Economics After Capitalism
* Book: Economics After Capitalism: A Guide to the Ruins and a Road to the Future. By Derek Wall. Pluto Press, 2015
URL = http://www.plutobooks.com/display.asp?K=9780745335070&,%20http://www.plutobooks.com/display.asp?K=9780745335070&&osa=sync&os9sync=C6FKO95989787857939SFO&os9iam=http%3A%2F%2Fwww%2Eplutobooks%2Ecom%2Fdisplay%2Easp%3FK%3D9780745335070%26
"In his book Economics After Capitalism: A Guide to the Ruins and a Road to the Future (Pluto Press, 2015), Derek Wall (International Coordinator of the Green Party of England and Wales) discusses various critiques of capitalism, and examines how we can create practical alternatives to capitalism and build a ‘democratic economy and a future free of rampant climate change, financial chaos, and the ravages of elite rule’.
Here, we outline the main arguments of his book:
As long as capitalism has existed, in whichever form, there have been a great many voices of dissent, movements and thinkers crying out and struggling against what they have seen as an unjust, exploitative and destructive system.
Indeed, as Derek Wall argues in Economics After Capitalism, such ‘anti-capitalist sentiments pre-date capitalism as an advanced industrial or post-industrial system based on profit and investment’.
Thus, Jesus threw the moneylenders out of the temple and the Buddha spoke out against attachment to materialistic possessions, peasants revolted against the enclosure of land, Karl Marx developed an analysis of capitalism as an exploitative system but key to the progression of human society, green movements have challenged the basis of capitalism on consumerism and economic growth, the Zapatista uprising in Mexico fought against the suffering created through free trade, and the Occupy protests have challenged an economic system in which the top 1% of the world’s population now have as much wealth as the bottom 99%.
Following an outline of the ideas contained within his book, Wall begins with those he terms ‘anti-capitalist capitalists’, those economists who have criticised neo-liberalism, globalisation, and the economics of austerity, whilst still maintaining the need for capitalism, albeit in a fairer and more stable form. However, such arguments, Wall contends, ‘act as a vaccine against the virus of anti-capitalist protest’ — particularly those more radical voices who ‘suggest that markets are innately undemocratic, that indefinite economic growth is ecologically unsustainable and that the market-based system is tyrannical because it reduces human life to a narrow pursuit of quantitative advantage’.
The remaining chapters of his book focus, for the most part, on those who have been more critical of capitalism, for a variety of reasons. In these chapters are found the ideas of an array of writers and theorists, including those who criticise capitalism through the lens of corporate power or the workings of global finance; those who focus on the drive for unsustainable economic growth or the cheapening of human existence as ‘all needs in a capitalist society are transformed into the needs for commodities’; those who turn their eyes to the symbiotic relationship between capitalism and imperialism or the gendered oppression inherent in capitalism.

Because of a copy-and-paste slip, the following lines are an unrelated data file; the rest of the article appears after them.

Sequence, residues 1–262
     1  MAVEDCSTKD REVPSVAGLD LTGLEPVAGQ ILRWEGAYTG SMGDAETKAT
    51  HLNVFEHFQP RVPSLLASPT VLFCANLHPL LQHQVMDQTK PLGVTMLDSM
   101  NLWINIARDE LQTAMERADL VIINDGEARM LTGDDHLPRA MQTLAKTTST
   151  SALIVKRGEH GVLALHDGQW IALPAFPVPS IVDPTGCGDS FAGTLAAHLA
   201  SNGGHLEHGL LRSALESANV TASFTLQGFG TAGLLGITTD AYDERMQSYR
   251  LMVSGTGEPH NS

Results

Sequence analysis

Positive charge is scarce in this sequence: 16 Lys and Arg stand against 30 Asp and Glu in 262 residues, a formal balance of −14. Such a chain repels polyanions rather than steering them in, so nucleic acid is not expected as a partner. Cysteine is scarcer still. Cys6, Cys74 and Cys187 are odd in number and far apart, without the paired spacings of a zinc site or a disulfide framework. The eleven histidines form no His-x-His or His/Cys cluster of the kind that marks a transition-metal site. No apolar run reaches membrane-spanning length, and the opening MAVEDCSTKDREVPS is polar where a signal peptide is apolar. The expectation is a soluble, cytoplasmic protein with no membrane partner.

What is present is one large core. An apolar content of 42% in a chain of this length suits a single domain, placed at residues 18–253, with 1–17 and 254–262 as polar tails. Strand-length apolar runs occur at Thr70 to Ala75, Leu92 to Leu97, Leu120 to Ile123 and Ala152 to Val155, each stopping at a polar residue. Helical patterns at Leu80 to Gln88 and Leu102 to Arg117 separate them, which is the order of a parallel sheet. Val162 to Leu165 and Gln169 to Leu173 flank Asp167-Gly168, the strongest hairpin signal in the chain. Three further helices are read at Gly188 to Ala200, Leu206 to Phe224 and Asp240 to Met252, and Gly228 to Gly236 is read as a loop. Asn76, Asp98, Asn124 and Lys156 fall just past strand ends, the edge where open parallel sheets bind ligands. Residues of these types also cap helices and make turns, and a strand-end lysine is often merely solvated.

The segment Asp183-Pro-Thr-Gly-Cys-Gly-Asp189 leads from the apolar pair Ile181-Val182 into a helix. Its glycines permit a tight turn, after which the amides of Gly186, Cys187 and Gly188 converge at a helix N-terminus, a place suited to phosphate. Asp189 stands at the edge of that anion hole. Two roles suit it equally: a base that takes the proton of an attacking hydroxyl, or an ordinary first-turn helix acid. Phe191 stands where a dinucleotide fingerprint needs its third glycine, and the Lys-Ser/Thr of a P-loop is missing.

But amid all of this discussion of capitalist as an exploitative and oppressive system, Wall provides a ray of hope through glimpses of an alternative, not only some of the solutions proposed by different thinkers and movements, but various movements that have actually put anti-capitalist ideas into practice. These range from anarchists during the Spanish Civil War building local economies based on anarchist principles and reorganising factory production through workers’ control; to local currencies throughout the world encouraging local economic activity as an alternative to capitalist globalisation; to organised networks of unemployed people in Argentina who self-organise their own economies.
Returning in his final chapter to the question laid out at the outset of the book (‘How can we create practical alternatives to capitalism that work to put food on the table, providing long-term material well-being not only for a minority but a whole planet?’), Wall sketches some thoughts on what he sees as the best alternative to capitalist economics–a system in which the commons takes centre stage. Drawing upon the works of both Karl Marx and Elinor Ostrom in emphasising the importance of the commons, Wall argues that ‘the anti-capitalist slogan above all others should be “Defend, extend, and deepen the commons”‘:
The commons works best by consensus and, unlike capitalism, does not depend on constant growth. It provides shared access to important resources so that human needs can be met with potential equity. Anti-capitalist globalisation could be labelled positively as the movement for the commons…. Capitalism seeks to extend commodification; the anti-capitalist movement resists by conserving the commons.
This embrace of the commons encompasses a range of struggles and movements: from squatting in unused buildings, to the digital commons of such projects as Wikipedia; from the right of workers to buy up the companies that employ them to renewable community energy. In addition to such examples of struggles for the commons, Wall identifies various other practical examples of anti-capitalist economic proposals, from a basic income scheme to wealth taxes, which will help promote a transition to a different kind of economy.
However, Wall warns us that under capitalism, ‘all alternatives tend to get corrupted, destroyed, or used to strengthen the system’. Both political parties and mass media are dominated by neo-liberalism, the rich and the powerful act together to preserve their privilege. Wall argues for the need for ‘tenacity, flexibility, and persistently burrowing away’ in the face of this power of capitalism, and warns of two failed alternative strategies: ‘to say that we have a basically fair, but flawed system’ or ‘to say that no change is possible until everything changes’. The capitalist system must be utterly transformed, but this is a process that needs to begin now.
The final paragraph of the book is worth citing at length, setting out what needs to be done:
- The political struggles to win power to create change and take on the powerful need to be discussed in detail. From class composition to political parties, there are many questions that need researching. The question of ideology, our imagined relationship to real world conditions, is also vitally important to discuss. There are many more books to write, but material political practice is of greater necessity. Let’s continue the intellectual task of understanding capitalism and alternatives to capitalism in necessary detail. Let’s challenge the 0.001%, who currently run the world, and let’s grow a new system. The future of capitalism is inequality, instability, ecocide and, even where it seems to work, it’s a system, invented by humans, that uses (and abuses) us as tools. We can do better. A democratic and ecologically sustainable future is necessary and possible, but we will have to fight for it. Let’s build it now." (http://bright-green.org/2015/12/14/alternatives-to-capitalism-derek-walls-economics-after-capitalism/)